3. Los Angeles Lakers (+1200)
The Los Angeles Lakers could be higher. Maybe they should be higher. They have a host or prospects they could send over to San Antonio in a potential package. Some combination of Lonzo Ball, Brandon Ingram, Kyle Kuzma and Josh Hart defintely gets the Spurs’ attention.
But the Lakers probably need to sign one of LeBron James or Paul George (player option), if not both of them, to make such an aggressive offer. Failing to land another superstar offsets the need for them to accelerate their timeline. There will be value in letting their current youth base marinate and grow—particularly with Leonard’s health bill being so murky.
Things remain complicated even if the Lakers decide to go all-in on a Leonard pursuit no matter what. They run into the same problem the Celtics have before next February: they aren’t blessed with great salary-matching tools. Any deal almost has to include Luol Deng’s two-year, $36.8 million commitment as an anchor, and the Spurs have no use for him.
That changes if the Lakers are making this move after signing only one star in free agency. They’ll have the remaining cap space to offer, say, Ingram, Ball and the player they draft with Cleveland’s first-round pick in exchange for Leonard.
Will they go that high, though? It’s a fair question. Ball and Ingram amount to forking over two top-two prospects. That’s a steep price to pay from the Lakers’ perspective. Their interest in Leonard, then, is likely tightly tethered to them signing one or both of James or George—long shots in and of themselves.
2. Philadelphia 76ers (+400)
Look no further than the Philadelphia 76ers to build the perfect Kawhi Leonard trade package. They have everything the Spurs could want: picks, prospects and digestible salary-matching resources.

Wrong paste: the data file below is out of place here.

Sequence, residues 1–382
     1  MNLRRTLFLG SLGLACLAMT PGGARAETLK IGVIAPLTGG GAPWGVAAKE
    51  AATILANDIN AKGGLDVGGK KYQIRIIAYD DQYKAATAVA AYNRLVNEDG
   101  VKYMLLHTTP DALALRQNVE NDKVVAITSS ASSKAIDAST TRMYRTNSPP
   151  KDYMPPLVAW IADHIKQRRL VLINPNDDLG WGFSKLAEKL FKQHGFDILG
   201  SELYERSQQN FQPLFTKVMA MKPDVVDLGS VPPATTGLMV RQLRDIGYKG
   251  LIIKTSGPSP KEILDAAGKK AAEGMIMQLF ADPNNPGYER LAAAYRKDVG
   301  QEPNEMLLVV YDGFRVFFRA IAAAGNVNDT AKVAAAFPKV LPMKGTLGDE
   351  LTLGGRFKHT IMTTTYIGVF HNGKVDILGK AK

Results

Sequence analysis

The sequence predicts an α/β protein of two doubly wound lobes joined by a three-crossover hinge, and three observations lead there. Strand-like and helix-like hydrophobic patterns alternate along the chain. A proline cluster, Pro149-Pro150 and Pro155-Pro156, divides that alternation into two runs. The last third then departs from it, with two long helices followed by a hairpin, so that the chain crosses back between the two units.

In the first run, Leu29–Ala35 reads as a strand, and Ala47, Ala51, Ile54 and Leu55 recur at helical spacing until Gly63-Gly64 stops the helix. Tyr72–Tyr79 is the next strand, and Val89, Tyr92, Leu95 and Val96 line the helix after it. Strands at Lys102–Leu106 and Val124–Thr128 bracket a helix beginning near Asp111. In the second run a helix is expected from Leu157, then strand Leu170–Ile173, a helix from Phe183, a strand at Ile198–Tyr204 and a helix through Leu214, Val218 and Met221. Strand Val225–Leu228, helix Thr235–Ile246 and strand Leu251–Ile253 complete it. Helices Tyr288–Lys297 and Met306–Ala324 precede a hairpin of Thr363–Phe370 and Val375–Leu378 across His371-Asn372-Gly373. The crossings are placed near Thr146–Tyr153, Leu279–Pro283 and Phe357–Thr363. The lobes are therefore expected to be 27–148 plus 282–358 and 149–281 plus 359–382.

Does San Antonio say know to an offer assembled around Markelle Fultz, Jerryd Bayless’ expiring contract, Timothe Luwawu-Cabarrot and this year’s No. 10 pick? If so, would the Sixers swap out Luwawu Cabarrot with Dario Saric?
If the Spurs actually are open to moving Leonard, it’s tough to imagine them balking at both proposals. The Sixers would have to be smitted with the 2014 Finals MVP to surrender that much, but they probably are. They’re expected to make a play for Leonard’s services this summer, according to the Philadelphia Inquirer‘s Keith Pompey.
Technically speaking, the Sixers could even hammer out hte cap space to sign LeBron James or Paul George and then still have the assets necessary to poach Leonard from the Spurs. And knowing how much the Sixers want to expedite their timeline, we should amost expect them to be among the most aggressive bidders if the Spurs actually make their superstar available.
1. San Antonio Spurs (+1200)
Putting the Spurs at No. 1 isn’t the sexiest pick, but we have to be realistic.
Head coach Gregg Popovich is expected to try salvaging the Spurs’ relationship with Leonard over the offseason. He did the same with LaMarcus Aldridge last summer, and not only did it work, but it ended with him signing an extension. The same could happen with Leonard, who he has coached for the All-Star’s entire career.
Plus, the Spurs have the ability to offer a designated player extension that pays Leonard roughly $219.2 million over five years. No other team will be able to give him that. Granted, the Spurs could also elect to withhold the contract. After all, Leonard and his people didn’t deem him healthy enough to partake in most of the 2017-18 schedule. Allocating so much of your cap—about 35 percent—to one player following an injury-plagued campaign represents a monstrous dice roll.
In the event the Spurs do holster that extension, Leonard will have to re-quality to get it next summer by earning All-NBA honors, another Defensive Player of the Year award or league-MVP distinction. That’s not a given even if he’s fully healthy.
So, really, Leonard’s future in San Antonio has just as much to do with the Spurs paying him now as it does with him and the people in charge making nice. Should you get word the team won’t be slinging that designated player extension, you’re free to view the Sixers or Lakers as your best bet. Until then, though, the Spurs have to be the pick.
Category : Sports Betting NewsMore articles...